In “The Role of the Black Church in Contemporary Politics,” Melissa V. Harris-Perry (née Harris-Lacewell) discusses the term “theodicy”, and defines it as a community’s way of reconciling Gods justice in the presence of human suffering. She goes on to explain that black theodicy is very different from other theodicies and that difference can be understood “through the identifiable form of white supremacy first through enslavement, then through Jim Crow and lynch mob rule and continuing in seemingly intractable racial inequality” [7] that Black Christians have been impacted by. These racial inequalities continue today, and are being addressed by members of society through the Black Lives Matter Movement.

Trump has dismissed the Black Lives Matter Movement, stating that All Lives Matter. [8] The All Lives Matter campaign can be allusive and cowardly to Black Americans who feel that racism is still an issue in the United States. [9] Black Americans are also faced with the legitimate fear of their lives as the publicity surrounding the killing of unarmed black men and women has increased in the country. [10] Because the theodicy of Black Christians views God as just and merciful to human suffering, it is likely that their God would support a movement like Black Lives Matter. Because of this it is more challenging to accept Trump’s dismissal of Black Lives Matter, when it is apparent to Black Christians that Black lives are suffering and are not valued as equal to White lives. The importance of Black Lives Matter, is not as evident to White Christians because they do not fear for their lives or the lives of their sons and daughters, and many Black Christians do.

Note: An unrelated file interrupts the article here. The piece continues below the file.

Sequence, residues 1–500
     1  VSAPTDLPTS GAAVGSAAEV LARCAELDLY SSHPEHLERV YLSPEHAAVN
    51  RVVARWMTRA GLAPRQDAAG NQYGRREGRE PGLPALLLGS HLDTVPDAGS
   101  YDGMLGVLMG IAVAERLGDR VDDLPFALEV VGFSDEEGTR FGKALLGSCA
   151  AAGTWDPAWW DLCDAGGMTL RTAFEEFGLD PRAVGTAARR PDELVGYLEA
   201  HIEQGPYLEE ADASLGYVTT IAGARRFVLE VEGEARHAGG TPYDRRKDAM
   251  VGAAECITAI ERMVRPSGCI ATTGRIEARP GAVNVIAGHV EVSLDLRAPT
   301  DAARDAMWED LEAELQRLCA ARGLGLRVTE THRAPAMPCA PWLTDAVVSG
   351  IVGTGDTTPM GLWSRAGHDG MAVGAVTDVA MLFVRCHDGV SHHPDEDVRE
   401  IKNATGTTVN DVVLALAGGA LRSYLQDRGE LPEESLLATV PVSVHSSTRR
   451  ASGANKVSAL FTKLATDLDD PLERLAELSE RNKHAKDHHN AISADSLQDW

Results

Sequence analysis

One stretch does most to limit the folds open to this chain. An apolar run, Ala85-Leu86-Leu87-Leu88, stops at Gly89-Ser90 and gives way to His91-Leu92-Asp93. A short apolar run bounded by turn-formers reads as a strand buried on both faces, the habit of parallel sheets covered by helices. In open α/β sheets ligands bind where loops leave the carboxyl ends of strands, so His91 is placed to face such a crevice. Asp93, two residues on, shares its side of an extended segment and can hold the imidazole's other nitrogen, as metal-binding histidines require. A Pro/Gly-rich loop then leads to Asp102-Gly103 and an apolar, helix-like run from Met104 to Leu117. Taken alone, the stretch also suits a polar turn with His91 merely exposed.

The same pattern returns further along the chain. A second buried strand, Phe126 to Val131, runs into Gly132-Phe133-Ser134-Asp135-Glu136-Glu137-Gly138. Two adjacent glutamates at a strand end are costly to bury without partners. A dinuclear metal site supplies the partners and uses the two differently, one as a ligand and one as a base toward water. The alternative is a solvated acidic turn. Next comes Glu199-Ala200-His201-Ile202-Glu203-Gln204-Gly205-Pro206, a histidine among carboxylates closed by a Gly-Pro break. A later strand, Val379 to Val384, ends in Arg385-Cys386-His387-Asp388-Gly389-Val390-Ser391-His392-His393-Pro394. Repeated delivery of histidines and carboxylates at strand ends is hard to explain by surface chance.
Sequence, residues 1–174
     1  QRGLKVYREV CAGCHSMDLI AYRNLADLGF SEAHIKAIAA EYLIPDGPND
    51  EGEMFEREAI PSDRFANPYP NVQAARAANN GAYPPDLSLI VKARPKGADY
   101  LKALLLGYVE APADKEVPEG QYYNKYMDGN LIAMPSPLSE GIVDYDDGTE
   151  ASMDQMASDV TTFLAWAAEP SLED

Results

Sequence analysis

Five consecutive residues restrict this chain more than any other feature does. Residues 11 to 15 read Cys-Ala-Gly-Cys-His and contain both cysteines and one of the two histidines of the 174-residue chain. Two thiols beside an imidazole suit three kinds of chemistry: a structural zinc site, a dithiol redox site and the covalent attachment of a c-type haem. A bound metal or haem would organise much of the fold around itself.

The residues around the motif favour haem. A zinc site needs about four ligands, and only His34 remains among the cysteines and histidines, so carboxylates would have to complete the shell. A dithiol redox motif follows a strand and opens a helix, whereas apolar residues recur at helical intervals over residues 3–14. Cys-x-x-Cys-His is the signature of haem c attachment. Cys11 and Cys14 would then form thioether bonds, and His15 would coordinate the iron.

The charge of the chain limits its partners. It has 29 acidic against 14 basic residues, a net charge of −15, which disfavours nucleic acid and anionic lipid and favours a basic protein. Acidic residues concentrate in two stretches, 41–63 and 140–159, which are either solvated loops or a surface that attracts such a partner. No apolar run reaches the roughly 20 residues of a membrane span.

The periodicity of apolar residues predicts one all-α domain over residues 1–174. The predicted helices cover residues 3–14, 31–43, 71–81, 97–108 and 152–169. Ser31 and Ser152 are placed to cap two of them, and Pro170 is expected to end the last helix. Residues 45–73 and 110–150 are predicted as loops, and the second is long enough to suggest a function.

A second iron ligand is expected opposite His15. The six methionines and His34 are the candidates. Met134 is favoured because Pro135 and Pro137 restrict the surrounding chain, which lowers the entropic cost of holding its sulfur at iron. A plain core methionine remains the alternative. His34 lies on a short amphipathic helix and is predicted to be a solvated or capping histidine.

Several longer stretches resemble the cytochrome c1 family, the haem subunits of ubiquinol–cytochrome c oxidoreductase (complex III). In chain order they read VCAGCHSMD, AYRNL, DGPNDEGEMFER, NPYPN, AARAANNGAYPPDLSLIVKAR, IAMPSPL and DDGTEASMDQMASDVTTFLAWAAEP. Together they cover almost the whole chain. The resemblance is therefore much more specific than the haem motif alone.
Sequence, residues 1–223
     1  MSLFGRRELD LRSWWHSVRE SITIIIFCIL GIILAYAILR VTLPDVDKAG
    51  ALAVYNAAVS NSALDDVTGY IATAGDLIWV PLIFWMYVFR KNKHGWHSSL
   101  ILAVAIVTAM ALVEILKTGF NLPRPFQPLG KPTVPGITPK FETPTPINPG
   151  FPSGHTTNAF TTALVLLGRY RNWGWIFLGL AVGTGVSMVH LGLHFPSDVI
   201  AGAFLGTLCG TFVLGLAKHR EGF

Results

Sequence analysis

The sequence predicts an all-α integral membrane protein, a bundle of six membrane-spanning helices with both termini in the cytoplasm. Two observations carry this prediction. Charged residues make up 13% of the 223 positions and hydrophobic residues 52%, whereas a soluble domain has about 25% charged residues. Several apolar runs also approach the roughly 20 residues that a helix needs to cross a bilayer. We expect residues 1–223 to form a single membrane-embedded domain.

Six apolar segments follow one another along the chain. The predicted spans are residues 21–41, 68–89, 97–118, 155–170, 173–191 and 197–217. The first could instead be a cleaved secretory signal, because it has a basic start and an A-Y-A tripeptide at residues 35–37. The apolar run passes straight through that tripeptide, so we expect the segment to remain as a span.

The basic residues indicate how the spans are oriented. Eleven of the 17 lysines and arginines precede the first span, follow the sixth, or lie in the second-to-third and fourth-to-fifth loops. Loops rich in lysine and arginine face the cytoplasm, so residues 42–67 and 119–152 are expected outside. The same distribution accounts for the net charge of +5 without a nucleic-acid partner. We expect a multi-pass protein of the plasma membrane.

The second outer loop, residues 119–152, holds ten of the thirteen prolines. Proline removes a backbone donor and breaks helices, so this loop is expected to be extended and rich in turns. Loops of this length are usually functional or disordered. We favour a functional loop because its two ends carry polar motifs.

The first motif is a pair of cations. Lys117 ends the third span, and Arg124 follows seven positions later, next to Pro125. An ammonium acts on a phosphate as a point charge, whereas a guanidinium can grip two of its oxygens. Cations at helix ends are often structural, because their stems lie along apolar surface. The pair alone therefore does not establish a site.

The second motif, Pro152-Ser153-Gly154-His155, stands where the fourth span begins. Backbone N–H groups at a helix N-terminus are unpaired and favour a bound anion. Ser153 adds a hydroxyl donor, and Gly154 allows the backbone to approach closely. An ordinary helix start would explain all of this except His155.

Trump’s policies on the Black Lives Matter Movement can sit well with the majority of White Christians because they do not have a history that impacts their interpretation of the Bible in the same way black Christians do. African slaves in the United States used the Bible through Negro spirituals as hope for freedom and to fight an oppression that Black Christians today recognize. This history impacts their interpretation of the Bible and causes them to be more conscious of the similar oppressive and discriminatory aspects of Donald Trump’s rhetoric. Similarly, black Christians can tie the oppression of Blacks throughout history, with Trumps unwillingness to state that Black Lives Matter. When blacks fear for their lives and their family’s lives in the modern Unites States racial state, Trump’s “All Lives Matter” stance does not meet their expectations of a just leader and what a good leader should do in oppressive situations.  By evaluating the way black Christians interpret their scriptures, it is clear why many are unable to support Donald Trump in the 2016 Presidential elections.

[1] CNNs Reality Check Team, “Donald Trump on immigration: CNNs Reality Check Team vets the claim,” CNN politics, September 25th , 2016.

[2] Elise Foley, “Evangelical Leaders Don’t Want Trump To Win: The ‘Integrity Of Our Faith Hangs In The Balance,” Huffington Post, October 7, 2016.

[3] James Earl Massey. “Reading the Bible as African Americans,”Introduction to The New Interpreter’s Bible: A Commentary in Twelve Volumes, edited by Leander E. Keck. Nashville: Abingdon Press, 1995.

[4] Michel de Certeau. “The Scriptural Economy,” in The Practice of Everyday Life. Berkeley: University of California Press, 2011.

[5] James Earl Massey, “Reading the Bible as African Americans,”

[6] Jack Jenkins, “The Core Support For Trump’s Immigration Policies: White Christians,” Think Progress, June 24th, 2016.

[7] Melissa V. Harris-Perry (née Harris-Lacewell), The Role of the Black Church in Contemporary Politics, Cross Currents, June 1, 2007, 184.

[8] Johnathan Swan, “Trump to Protesters: All Lives Matter,” The Hill, February 29, 2016.

[9] Kareem Abdul-Jabar, “Despite the Trump Distraction, Black Lives Matter Won’t Be Sent to the Back of the Bus,” Time, August 24th, 2015.

[10] Kareem Abdul- Jabar, “Despite the Trump Distraction, Black Lives Matter Won’t Be Sent to the Back of the Bus.”

Amanda Robbins PicAmanda Robbins is a Sociology- Anthropology and Religious Studies double major at Elizabethtown College 17′.

Join the conversation!

Fill in your details below or click an icon to log in: Logo

You are commenting using your account. Log Out /  Change )

Facebook photo

You are commenting using your Facebook account. Log Out /  Change )

Connecting to %s